(AP Photo/Kathy Willens)

Mark Teixeira
Teixeira’s offseason and Spring Training work drew lots of attention as he focused on hitting the ball the other way to beat the shift and improve his declining batting average. Everything looked fine during the first two weeks of the season, as he hit a solid .288/.354/.508 through the team’s first 15 games. Teixeira fell off in a big way after that, hitting just .135/.185/.220 in his next 16 games. He got hot a few games after that, but then Girardi decided to sit him for three games due to an ongoing cough that has since been diagnosed as nerve damage to his vocal cords.

The rest helped the cough and at some point during those three days, Teixeira decided to abandon everything he’d been working on and get back to being a pull-happy slugger. What he was doing before just wasn’t working. The early returns were positive — four homers in his next seven games — but Teixeira’s production soon slowed down once again. Through the team’s first 85 games, their first baseman is hitting .250/.334/.473 after putting up a .248/.341/.494 batting line last year, the second worst of his career outside of his rookie season.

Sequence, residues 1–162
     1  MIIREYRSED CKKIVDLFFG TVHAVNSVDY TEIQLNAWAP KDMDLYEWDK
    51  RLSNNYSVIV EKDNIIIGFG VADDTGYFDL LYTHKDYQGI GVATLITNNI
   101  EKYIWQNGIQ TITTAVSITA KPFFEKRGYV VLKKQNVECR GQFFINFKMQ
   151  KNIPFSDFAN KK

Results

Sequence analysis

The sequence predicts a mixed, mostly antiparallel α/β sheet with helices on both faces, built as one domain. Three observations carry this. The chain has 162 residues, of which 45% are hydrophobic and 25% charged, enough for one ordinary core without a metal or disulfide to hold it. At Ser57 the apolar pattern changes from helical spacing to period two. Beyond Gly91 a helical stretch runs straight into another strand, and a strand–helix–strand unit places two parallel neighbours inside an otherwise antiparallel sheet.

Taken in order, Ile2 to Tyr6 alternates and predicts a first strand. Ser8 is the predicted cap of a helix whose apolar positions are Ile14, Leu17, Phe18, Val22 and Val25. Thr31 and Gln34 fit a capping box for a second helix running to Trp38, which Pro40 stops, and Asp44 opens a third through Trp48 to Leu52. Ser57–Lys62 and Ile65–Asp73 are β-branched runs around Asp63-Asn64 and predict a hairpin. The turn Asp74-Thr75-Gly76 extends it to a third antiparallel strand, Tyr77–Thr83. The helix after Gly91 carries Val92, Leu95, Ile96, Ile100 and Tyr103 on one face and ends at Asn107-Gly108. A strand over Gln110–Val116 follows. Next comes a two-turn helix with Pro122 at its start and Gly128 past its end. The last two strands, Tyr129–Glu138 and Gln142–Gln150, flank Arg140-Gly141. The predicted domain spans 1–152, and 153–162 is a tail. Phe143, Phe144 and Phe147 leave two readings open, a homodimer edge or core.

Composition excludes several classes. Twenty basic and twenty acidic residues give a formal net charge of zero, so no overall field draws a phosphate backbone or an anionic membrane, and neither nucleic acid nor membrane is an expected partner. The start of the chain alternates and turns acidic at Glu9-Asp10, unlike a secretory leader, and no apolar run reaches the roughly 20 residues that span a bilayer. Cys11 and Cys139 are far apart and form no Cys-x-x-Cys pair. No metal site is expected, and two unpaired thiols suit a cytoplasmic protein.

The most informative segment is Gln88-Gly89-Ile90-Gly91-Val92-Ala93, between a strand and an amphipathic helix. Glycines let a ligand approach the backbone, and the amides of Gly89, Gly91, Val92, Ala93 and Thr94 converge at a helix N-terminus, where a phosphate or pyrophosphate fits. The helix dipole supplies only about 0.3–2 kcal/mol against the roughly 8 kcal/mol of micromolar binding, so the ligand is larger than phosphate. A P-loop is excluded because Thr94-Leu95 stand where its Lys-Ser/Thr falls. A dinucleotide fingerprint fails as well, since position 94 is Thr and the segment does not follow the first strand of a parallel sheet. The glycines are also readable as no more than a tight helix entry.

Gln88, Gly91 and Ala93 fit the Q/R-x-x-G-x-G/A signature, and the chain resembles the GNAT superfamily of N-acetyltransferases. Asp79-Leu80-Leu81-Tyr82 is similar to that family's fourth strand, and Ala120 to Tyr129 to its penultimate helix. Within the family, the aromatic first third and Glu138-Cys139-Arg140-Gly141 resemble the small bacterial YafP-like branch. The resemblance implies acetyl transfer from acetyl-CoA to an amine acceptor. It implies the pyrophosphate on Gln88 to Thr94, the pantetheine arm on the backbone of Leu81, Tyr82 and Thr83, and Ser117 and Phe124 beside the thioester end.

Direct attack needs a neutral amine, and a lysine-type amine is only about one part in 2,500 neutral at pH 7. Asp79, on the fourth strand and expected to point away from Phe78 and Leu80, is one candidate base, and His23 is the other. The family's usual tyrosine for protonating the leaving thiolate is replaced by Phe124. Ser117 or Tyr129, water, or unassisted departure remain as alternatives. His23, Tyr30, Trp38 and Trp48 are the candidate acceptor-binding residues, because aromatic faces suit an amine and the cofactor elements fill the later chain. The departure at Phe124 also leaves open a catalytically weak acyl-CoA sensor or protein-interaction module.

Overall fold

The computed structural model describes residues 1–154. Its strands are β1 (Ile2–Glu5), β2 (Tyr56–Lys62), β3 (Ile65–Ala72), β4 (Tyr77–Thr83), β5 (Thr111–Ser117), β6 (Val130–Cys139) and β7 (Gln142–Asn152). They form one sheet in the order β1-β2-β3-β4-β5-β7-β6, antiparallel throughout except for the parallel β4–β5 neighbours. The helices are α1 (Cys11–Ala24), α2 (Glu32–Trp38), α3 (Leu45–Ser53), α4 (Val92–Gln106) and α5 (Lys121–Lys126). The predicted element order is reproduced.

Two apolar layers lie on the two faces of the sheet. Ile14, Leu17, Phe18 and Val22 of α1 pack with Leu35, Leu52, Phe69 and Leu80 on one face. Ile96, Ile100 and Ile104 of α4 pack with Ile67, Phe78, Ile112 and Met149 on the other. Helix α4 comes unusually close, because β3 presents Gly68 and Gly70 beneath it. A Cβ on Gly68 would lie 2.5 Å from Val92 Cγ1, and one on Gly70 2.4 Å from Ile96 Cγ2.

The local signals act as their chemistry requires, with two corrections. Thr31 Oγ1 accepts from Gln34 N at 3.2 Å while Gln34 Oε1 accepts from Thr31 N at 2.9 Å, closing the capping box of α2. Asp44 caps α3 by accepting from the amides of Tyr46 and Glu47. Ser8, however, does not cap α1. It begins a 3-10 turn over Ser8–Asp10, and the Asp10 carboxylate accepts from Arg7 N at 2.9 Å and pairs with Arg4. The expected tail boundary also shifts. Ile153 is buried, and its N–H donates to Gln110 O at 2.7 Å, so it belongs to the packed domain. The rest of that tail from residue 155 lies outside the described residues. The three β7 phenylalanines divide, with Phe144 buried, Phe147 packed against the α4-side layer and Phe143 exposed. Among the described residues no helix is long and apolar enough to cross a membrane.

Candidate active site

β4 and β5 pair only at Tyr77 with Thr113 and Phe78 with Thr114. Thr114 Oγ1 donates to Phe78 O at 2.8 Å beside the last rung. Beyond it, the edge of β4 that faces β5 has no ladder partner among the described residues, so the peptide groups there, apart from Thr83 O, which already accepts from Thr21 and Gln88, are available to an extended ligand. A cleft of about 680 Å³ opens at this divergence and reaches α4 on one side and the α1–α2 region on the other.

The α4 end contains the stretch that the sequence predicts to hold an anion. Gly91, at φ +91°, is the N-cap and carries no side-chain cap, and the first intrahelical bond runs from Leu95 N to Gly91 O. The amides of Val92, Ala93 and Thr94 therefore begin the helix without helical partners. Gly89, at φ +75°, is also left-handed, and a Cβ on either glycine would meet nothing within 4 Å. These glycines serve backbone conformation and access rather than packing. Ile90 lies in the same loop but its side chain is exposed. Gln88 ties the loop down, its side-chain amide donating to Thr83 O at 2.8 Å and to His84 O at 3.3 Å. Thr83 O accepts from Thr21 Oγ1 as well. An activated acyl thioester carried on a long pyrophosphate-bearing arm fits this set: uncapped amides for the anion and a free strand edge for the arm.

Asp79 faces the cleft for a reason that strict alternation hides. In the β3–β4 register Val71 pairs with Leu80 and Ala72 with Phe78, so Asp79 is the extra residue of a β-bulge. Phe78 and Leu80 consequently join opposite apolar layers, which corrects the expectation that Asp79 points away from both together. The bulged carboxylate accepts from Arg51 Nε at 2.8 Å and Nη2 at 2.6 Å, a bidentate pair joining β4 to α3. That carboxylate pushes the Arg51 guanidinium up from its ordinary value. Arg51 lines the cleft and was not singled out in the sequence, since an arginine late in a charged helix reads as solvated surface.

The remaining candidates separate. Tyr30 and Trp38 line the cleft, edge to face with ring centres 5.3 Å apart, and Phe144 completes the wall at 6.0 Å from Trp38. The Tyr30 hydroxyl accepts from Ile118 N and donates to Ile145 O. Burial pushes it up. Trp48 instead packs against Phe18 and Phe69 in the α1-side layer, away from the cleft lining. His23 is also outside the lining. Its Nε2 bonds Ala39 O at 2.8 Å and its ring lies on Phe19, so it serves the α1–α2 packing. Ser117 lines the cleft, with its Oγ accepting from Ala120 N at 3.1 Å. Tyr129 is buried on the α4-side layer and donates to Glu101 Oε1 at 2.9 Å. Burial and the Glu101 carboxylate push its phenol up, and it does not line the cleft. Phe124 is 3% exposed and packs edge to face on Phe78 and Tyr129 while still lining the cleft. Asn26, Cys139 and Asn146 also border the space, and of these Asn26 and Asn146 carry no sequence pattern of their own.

Teixeira’s production has been better than league average but again, below his normal standards even if you were expecting him to simply repeat last year. His 15 homers are well behind his usual pace — he had 25 at the break last summer — and his walk rate has dipped from 13.1% in 2010 to 11.1% in 2011 to 10.7% in 2010. A ten-point boost in BABIP from last year hasn’t helped his average much, unsurprisingly. The big problem right now is that not only has his average and OBP suffered, but he’s not hitting the ball out of the park as often either. His defense is still all-world, but Teixeira’s production at the plate has declined for the fourth straight season.